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CHAPTER 15- HOLACRACY-STYLE MANAGEMENT: A SHIFT IN WORK PRACTICES                                                                                                                                                                                                             
Özlem ANUK
Cemile CETİN
Cite this chapter

Anuk, A., Cetin, C. (2023). Chapter 15 Holaracy-Style Management: A Shift in Work Practices. In B. L. Salvador Bizotto (Ed.), Academic Research & Reviews in Social, Human, and Administrative Sciences-III- (pp. 344-361). Ankara, Türkiye: Global Academy Publishing House.


The way work is conducted has evolved over the years, encompassing changes in its meaning, nature, relationships, its role and importance in human life, the value attributed to it, and the value it confers upon individuals. It can be asserted that the location, socio-economic interactions, inputs, and outputs of work have played a pivotal role in shaping the concept of management, transitioning from the traditional era to the post-modern age and progressing from the gains of primitive times to the assets acquired through today’s information technologies. Work is now perceived and experienced as a series of actions undertaken for the purpose of creating value, self-realization, and affirmation of one’s existence as a human being, rather than merely a means of earning a livelihood. In this evolving landscape, holacracy-style management, which introduces a fresh and distinctive approach to work, has emerged as an integral part of the modern work environment. It has undergone structural transformations, adapting from its roots in primitive communities to align with the management principles of contemporary organizations. Holacracy-style management not only articulates but also embodies a paradigm that sets it apart from its predecessors. It addresses the deficiencies that arise as a necessity to meet the evolving needs in the dynamic work and management environment, differentiating itself from conventional management practices that are commonly taken for granted.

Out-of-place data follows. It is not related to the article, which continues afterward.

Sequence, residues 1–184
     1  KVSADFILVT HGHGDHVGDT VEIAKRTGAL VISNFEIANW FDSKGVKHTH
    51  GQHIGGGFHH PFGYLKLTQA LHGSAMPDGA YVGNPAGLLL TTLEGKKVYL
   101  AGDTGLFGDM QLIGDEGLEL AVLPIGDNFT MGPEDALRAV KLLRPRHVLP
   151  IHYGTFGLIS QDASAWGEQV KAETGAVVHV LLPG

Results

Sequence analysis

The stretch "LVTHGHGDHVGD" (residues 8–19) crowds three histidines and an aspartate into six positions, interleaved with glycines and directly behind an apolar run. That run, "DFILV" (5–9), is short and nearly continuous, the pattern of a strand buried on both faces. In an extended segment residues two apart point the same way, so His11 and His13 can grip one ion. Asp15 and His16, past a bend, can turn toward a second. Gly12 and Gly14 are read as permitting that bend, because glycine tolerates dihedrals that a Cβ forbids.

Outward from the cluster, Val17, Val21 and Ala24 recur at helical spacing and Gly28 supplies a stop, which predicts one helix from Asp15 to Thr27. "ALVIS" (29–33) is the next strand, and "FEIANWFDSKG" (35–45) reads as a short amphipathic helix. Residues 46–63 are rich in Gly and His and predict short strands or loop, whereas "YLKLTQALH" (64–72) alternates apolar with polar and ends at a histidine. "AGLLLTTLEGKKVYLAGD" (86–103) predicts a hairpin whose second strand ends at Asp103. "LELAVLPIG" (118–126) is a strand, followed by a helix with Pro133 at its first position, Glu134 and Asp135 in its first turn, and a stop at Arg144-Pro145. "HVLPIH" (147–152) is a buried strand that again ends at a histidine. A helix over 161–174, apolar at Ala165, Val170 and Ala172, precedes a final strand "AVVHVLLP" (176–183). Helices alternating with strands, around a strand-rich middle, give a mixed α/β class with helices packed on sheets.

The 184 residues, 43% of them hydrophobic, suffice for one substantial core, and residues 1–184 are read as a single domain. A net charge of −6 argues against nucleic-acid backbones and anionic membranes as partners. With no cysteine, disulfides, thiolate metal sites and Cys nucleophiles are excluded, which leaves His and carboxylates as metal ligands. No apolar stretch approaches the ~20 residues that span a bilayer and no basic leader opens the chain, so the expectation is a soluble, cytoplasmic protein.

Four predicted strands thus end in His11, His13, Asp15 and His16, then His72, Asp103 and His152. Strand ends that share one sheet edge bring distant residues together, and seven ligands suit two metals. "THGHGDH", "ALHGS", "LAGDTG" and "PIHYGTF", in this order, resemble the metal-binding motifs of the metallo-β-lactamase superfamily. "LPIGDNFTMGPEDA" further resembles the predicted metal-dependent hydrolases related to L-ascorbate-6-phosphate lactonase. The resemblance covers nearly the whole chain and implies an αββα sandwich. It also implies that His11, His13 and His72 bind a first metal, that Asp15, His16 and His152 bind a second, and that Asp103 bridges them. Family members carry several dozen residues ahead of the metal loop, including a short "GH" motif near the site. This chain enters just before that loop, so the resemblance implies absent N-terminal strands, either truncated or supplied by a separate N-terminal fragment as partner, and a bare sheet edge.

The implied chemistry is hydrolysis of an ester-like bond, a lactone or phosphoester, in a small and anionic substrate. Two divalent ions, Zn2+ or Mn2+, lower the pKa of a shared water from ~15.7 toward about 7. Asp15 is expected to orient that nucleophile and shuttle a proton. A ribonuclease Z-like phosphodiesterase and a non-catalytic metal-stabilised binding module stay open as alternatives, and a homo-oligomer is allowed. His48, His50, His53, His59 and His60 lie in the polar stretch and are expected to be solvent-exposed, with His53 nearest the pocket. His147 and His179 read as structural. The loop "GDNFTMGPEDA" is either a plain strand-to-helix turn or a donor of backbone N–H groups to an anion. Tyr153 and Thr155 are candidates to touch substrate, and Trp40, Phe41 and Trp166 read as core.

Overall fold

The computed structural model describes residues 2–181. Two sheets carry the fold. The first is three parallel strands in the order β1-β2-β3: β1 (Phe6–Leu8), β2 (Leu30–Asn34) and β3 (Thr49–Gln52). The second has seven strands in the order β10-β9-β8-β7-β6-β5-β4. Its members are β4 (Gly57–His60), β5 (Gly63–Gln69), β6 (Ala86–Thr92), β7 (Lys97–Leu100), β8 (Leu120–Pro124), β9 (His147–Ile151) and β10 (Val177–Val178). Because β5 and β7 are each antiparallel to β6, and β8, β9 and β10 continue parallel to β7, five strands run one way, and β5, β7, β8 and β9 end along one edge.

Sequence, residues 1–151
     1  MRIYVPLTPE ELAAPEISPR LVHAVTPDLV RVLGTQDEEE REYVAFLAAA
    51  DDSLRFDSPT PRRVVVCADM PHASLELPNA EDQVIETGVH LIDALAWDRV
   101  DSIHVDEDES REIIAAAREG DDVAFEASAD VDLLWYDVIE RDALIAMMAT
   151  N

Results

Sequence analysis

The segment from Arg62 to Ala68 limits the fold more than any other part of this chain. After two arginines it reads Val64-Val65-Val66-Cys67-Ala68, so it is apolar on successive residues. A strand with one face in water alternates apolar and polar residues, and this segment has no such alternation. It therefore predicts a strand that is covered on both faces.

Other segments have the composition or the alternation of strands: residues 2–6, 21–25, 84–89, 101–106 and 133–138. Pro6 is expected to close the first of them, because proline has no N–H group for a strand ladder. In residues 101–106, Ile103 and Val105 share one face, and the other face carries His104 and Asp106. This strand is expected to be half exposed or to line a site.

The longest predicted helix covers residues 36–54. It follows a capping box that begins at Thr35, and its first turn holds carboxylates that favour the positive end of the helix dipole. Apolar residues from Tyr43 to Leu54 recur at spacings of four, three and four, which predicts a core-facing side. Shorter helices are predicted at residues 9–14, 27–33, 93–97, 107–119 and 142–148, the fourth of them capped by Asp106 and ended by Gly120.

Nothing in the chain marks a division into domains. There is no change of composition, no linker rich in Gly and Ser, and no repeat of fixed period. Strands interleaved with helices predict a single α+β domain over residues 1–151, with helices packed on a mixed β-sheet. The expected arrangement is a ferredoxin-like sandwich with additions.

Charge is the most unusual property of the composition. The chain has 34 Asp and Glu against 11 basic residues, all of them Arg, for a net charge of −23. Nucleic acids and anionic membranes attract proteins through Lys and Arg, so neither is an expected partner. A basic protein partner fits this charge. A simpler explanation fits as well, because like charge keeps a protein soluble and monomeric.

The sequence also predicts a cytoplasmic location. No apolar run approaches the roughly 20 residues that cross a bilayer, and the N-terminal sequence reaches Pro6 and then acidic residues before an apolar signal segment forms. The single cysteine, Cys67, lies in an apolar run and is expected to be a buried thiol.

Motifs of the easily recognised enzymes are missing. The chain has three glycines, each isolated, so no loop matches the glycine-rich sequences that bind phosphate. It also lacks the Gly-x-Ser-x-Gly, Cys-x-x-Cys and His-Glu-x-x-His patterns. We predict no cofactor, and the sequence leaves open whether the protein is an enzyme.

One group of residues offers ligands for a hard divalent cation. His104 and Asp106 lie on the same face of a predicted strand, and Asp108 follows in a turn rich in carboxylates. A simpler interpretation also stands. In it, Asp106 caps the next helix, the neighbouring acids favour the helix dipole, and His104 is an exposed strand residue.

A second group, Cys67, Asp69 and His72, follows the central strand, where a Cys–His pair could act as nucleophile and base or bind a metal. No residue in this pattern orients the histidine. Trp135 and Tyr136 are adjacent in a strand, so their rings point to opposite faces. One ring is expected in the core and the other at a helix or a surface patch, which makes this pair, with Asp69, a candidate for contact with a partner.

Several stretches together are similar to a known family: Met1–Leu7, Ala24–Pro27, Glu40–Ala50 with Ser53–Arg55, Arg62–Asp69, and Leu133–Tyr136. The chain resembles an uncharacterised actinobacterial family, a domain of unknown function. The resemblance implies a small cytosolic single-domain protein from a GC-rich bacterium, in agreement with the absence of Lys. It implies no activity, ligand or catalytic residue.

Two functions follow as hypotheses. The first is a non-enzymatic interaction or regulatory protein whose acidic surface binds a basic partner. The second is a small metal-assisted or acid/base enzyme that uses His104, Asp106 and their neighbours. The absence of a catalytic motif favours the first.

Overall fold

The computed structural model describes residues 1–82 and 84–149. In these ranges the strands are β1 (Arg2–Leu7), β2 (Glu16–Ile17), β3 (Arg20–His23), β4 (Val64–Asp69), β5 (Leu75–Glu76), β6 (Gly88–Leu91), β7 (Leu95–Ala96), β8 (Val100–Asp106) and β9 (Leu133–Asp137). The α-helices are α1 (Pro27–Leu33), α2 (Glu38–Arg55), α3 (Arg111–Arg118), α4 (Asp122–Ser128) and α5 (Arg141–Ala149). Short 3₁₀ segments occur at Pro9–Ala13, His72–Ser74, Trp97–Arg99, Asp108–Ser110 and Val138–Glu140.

In today’s world, the concept of work exhibits a dynamic relationship with both its past and future. It is believed to persist while undergoing significant transformations in various dimensions, such as its value, meaning, structure, and our understanding of it. This adaptability makes work a remarkably flexible and evolving phenomenon. Work undergoes change due to a combination of factors. It can be influenced by shifts within different societal sub-institutions and can also experience radical transformations over time. Indeed, work has evolved significantly from its origins in the hunter-gatherer era in terms of its structure, physical context, meaning, outcomes, time requirements, required skills, and the benefits it offers. These changes have arisen as a result of the mental and physical efforts put forth by those engaging in the activity.


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